In late 2010, Englin expressed his openness to ABC privatization:

Given the increasingly bitter political environment of the past year, it’s refreshing to have a policy debate in Richmond where Republicans and Democrats generally agree: Philosophically, hardly anyone, including me, believes that selling liquor should be a core service of government.

Shakespeare becomes a casualty in war on multiculturalism

From the LA Times:

No longer can the students discuss Chicano perspectives on history. And no longer can Martinez teach Mexican American studies.

After the Tucson Unified School District board voted late Tuesday to suspend the controversial classes to avoid losing more than $14 million in state aid, the students’ world shifted.

Course titles and curriculums changed immediately. Chicano history became American history. Chicano literature became English literature.

State law bans classes that are primarily designed for a particular ethnic group or that “promote resentment toward a race or class of people.” Last week, state Supt. of Public Instruction John Huppenthal ruled the Tucson program in violation. The board chose not to contest his decision in court.

Proponents say the classes push Latinos to excel and teach a long-neglected slice of America’s cultural heritage — Latino perspectives on literature, history and social justice.

But its critics, led by Huppenthal, say framing historical events in racial terms “to create a sense of solidarity” promotes groupthink and victimhood.

Teaching history without the history of ethnic groups is unavoidable. Teaching history without the history of victimization is unavoidable. Teaching history without the history of victimization of ethnic groups is certainly unavoidable, given that large swaths of history are comprised almost entirely of some form of ethnic and/or racial oppression (a history that continues to be written to this day). In fact, teaching history as such is to alter the past itself.

Could Gary Johnson play a role in November?

With Gary Johnson all but having officially announced that he will seek the Libertarian Party’s nomination for President, Public Policy Polling included him in a poll of voters in his home state. The result? While short of Obama by a distant 21%, Johnson trails Mitt Romney by a mere 4%.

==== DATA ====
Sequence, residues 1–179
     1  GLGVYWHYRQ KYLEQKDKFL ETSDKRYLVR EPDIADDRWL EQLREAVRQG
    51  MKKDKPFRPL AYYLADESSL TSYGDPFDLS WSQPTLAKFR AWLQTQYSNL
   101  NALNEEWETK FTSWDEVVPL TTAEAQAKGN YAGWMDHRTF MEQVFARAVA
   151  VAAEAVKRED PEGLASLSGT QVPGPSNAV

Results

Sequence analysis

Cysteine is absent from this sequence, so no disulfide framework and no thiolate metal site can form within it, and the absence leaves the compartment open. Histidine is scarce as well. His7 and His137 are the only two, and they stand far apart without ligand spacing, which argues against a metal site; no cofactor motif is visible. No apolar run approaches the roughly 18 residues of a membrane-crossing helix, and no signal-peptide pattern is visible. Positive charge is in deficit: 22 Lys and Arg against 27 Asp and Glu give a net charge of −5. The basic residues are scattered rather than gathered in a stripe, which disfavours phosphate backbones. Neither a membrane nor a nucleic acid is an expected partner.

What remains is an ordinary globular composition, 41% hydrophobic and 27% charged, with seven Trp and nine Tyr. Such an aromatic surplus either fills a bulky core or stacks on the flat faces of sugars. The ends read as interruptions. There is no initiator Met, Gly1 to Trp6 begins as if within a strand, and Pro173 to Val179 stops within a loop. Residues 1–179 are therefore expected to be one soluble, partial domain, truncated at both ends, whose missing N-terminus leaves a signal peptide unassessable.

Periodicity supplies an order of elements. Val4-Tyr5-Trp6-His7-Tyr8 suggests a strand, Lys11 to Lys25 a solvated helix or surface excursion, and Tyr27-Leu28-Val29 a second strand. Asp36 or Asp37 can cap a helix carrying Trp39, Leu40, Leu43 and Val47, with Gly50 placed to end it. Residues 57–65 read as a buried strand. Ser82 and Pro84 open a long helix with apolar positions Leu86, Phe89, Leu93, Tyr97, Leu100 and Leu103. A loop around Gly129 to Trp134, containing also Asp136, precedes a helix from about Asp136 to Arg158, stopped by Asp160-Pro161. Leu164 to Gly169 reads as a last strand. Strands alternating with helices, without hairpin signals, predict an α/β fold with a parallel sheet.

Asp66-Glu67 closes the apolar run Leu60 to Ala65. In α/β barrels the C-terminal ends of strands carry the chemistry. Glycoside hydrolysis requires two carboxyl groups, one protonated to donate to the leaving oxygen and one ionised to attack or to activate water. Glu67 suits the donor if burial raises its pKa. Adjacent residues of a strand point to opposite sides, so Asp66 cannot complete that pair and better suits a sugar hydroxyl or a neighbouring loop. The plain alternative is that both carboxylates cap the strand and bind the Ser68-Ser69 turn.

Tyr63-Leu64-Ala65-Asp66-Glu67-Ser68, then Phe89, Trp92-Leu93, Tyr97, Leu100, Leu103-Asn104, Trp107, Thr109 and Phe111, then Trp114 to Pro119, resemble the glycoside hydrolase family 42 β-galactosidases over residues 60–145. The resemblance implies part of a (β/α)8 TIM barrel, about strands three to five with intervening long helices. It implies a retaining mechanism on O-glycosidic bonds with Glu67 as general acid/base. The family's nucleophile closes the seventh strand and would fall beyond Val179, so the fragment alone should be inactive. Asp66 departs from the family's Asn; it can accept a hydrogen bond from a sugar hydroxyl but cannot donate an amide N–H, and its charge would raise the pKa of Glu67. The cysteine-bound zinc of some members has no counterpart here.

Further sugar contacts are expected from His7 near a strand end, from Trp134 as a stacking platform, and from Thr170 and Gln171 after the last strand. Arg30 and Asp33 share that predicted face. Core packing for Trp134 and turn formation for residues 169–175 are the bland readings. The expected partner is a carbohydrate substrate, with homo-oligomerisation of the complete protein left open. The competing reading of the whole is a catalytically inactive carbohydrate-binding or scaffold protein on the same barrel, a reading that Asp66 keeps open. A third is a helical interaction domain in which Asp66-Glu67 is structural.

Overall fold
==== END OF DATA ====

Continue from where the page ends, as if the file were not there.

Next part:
Americans are more fed up than ever with the 2 main political parties right now so we also looked to see how Gary Johnson might do in his home state running as a Libertarian and the answer is pretty darn well.  In a 3 way contest with Obama and Romney he gets 23% with Obama at 44% and Romney at 27%.  And in a 3 way with Gingrich, Johnson gets 20% to 45% for Obama and 28% for Gingrich.

What’s interesting about Johnson’s support is that he’s pulling a fair amount from both sides.  His supporters in the match up with Obama and Romney go just 47-33 for Romney in a head to head contest. And his supporters against Obama and Gingrich actually vote for Obama 47-40 in a head to head.  So Johnson’s pulling from across the spectrum. Just because he’s doing that in New Mexico doesn’t really say anything about his ability to do it on a broader scale but it shows that with folks who are familiar with his message he has support across the spectrum.

Herman Cain doesn’t know anything about Cuba

Herman Cain didn’t know that China was a nuclear power. He doesn’t know what is going on in Libya. He didn’t know what the Palestinian right-of-return was. He said it’s not practical to attack Iran because “it’s very mountainous.” And he recently said “I’m not supposed to know anything about foreign policy,” which is probably a good position to take given that he doesn’t know anything about foreign affairs. More evidence of that comes from his “foreign policy” on Cuba:

Cain, who last week stumbled over questions about what he would do in Libya, seemed to know little about Cuba. His campaign kept reporters at bay, and when asked about the Cuban Adjustment Act and the so-called wet-foot, dry-foot policy, Cain seemed stumped.The policy allows Cuban immigrants who have made it to US soil to stay.

“Wet foot, dry foot policy?” Cain asked. His press handlers interrupted as Cain diverted his course and ducked back into the building. Later, when he emerged, he was asked again by another reporter. Cain wouldn’t answer.

Santorum would use government to combat acceptance of gay marriage